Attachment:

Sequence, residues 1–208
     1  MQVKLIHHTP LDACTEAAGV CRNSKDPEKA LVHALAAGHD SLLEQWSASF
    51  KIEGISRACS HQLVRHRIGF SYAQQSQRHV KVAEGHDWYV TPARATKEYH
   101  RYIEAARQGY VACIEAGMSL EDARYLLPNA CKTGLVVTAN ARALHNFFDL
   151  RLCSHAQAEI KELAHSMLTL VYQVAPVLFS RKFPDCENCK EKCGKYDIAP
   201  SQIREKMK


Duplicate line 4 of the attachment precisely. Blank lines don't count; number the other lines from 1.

   101  RYIEAARQGY VACIEAGMSL EDARYLLPNA CKTGLVVTAN ARALHNFFDL